And when sizing down, you might want to do something to the old extra
    elements (free them, for example) but that will now have to be done
    before the realloc and you'll then have problems if the re-size fails.

    All in all, it's simpler to re-size the memory at let the programmer
    decide what needs to be done with both the old and the new allocation.
    Ben Bacarisse, Aug 5, 2013
  5. James Harris

    James Harris Guest

    So, in summary, pointer to type A and pointer to type B might have different
    sizes and/or different representations of null?

    Trying to understand the ramifications of this.....

    AIUI malloc returns pointer to void. I suppose that, on machines where
    needed, the compiler inserts conversions from malloc's return (which could
    be null) in to a pointer to the right type. It knows the type of the
    variable being assigned to so can add instructions to convert malloc's
    return to a different representation if needed.

    Similarly, when a program calls free() on a pointer the compiler knows that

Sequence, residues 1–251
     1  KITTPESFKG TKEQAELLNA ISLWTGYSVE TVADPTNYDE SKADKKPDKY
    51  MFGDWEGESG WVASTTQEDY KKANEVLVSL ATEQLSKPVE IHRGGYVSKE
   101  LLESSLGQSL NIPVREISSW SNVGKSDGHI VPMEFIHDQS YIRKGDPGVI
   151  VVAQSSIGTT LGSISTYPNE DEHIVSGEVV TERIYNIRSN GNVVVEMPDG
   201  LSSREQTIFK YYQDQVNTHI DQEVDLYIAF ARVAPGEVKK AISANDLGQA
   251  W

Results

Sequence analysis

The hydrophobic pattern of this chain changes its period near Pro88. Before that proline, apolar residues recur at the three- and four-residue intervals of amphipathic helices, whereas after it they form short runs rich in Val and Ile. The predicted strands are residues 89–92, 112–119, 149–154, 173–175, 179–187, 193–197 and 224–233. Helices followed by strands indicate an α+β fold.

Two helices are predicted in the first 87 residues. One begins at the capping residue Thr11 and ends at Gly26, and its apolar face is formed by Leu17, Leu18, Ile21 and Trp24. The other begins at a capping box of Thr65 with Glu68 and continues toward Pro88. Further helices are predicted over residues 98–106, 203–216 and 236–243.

that pointer is of type X and can perform any conversions back to the format
    of a void pointer before calling free().

    And when assigning NULL to a pointer or comparing a pointer with NULL the
    compiler can convert length and NULL-representation as necessary.

    OK. I think I've got that.

    So if pointers on a given architecture were always all the same size and
    always had the same representation of NULL no matter what they were pointing
    at it would have been possible to call free(&p) because the free routine
    could have included

    *p = NULL;

    But since the above cannot be guaranteed free() could not set the pointer to
    null. On those odd machines there would be different NULLs.

    Would it still have been OK for free to return NULL so that code could
    include the following?

    p = free(p);

    I know that it does not return NULL. I am trying to understand the design a
    bit better.

    Can you remember any of the machines where pointers to different types had
    different sizes? If you can I'd like to look into some more about how they
    worked and which would still be in use.